On February 24, 2010, 17 UCI students and community supporters sat in outside Chancellor Drake’s office, issuing demands for workers rights on campus, increased access for underrepresented students, and amnesty for the Irvine 11. They were quickly arrested and evicted from the building by dozens of police without a single administrator offering to hear their demands.

Nine months later, those 17, along with 2 students who were outside Aldrich Hall during the action, received criminal charges by mail. After months of hearings and attempts at reaching a plea, the UCI 19 are headed to trial, beginning September 27. Over 19 months since the initial incident. The 17 are being charged with trespassing, disturbing the peace, and refusal to disperse. The other two are being charged with false imprisonment, blocking a thoroughfare, and being a public nuisance. Everyone potentially faces over a year in jail if convicted.

In the last 40 years nationally, there has never been a sit-in prosecuted to the extent that this one is. The charges faced by the 17 are excessive. The other two defendants are being selectively prosecuted for an incident involving 30 students outside the sit-in, and it is clear they are being singled out because of their past political involvement.

Don’t let UCI and the DA criminalize dissent! Demand that all the charges be dropped!


We’re counting on your support to beat the charges. A strong showing of campus and community support on the first day of trial will send the message to the DA and the court that we’re here to fight.

Trial officially begins at 8:30am on 9/27, though it never starts on time. Please try to come as early as you are able to. It will also not likely conclude on the first day, but will instead be drawn out, so please also pay attention for future dates.

The Big Regent is Watching You!

1 April 2011

from RebelRadio:

Along with the recent discovery of an administrative infiltration of activists’ circles at UC Davis and surveillance at UC Berkeley (read here and here), it has just come to our attention that the administrative violence is rampant and quite widespread.

Information suggesting that UCIPD has been working with the Orange County Intelligence Assessment Center, a local Joint Terrorism Task Force affiliated with the Department of Homeland Security and the FBI’s National Security Network, to monitor student protests and student activists has just become available after John Bruning, a local activist on the UC Irvine campus, retrieved the information requested as per a public records request made earlier in January. He comments, “I don’t know what the relationship is, other than that a member of OCIAC, also a Detective with the Huntington Beach PD SWAT Team, forwarded a YouTube video of the protest I was arrested at in November 2009 to Sgt. Arnold with my name in the subject line.” Due to “public safety exceptions”, 24 pages of the report were redacted.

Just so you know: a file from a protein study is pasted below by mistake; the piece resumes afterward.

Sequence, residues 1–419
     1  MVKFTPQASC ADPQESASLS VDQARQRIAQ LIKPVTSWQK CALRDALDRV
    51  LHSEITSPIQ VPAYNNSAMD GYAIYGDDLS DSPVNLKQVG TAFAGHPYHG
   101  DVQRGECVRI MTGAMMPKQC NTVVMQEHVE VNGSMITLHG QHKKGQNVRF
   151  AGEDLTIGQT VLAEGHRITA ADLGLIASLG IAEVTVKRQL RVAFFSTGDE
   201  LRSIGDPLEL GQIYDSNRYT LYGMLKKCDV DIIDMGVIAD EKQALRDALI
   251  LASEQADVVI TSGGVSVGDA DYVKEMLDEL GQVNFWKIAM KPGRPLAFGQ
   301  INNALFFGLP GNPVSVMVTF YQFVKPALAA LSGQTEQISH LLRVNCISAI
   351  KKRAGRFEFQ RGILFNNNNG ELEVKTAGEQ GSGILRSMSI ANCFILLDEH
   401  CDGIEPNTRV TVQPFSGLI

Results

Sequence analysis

Because, as UC Davis professor Joshua Clover writes in an op-ed in UC Davis’ California Aggie,

Over the last year, the UC Davis administration has pursued an extensive program to place staffers in and around student-worker protest. They have done so not, as you might expect, to join in the struggle against indecent cuts and backdoor privatization, but to deliver surveillance on participants.

And, because this problem as it is being discovered is endemic to the overall institution, we recommend that all activists who have participated in previous actions throughout the UC in the past three years  make public records requests from their institutions. The Big Regent is watching you!


27 January 2011

From Occupy UCI:

If you have been indicted, subpoenaed, or contacted by the Orange County DA regarding this case, call the National Lawyers Guild Hotline at 415-285-1041 and the Los Angeles NLG Chapter at 323-653-4510.

Have yet to receive independent confirmation, but OC Weekly reports:

Radio station KPCC 89.3 reported today the Orange County district attorney’s office has convened a grand jury to look into the possibility of filing conspiracy charges against a group of Muslim students busted at the UC Irvine campus in 2010 for disrupting the speech of  U.S. Israeli Ambassador Michael Oren.

The information was reported during Larry Mantle’s morning show, Air Talk, which then opened the phones to callers expressing incredulity that a grand jury was convened for what they feel is essentially a free-speech issue. There were also those who theorized that a politically motivated Tony Rackauckas is strategically appeasing conservative Jewish Orange County constituents. Orange County DA’s office spokeswoman Farrah Emami declined to comment, saying it was the policy of that office to not discuss grand-jury proceedings.

What are grand juries? From the Grand Jury Resistance Project:

What is a Grand Jury?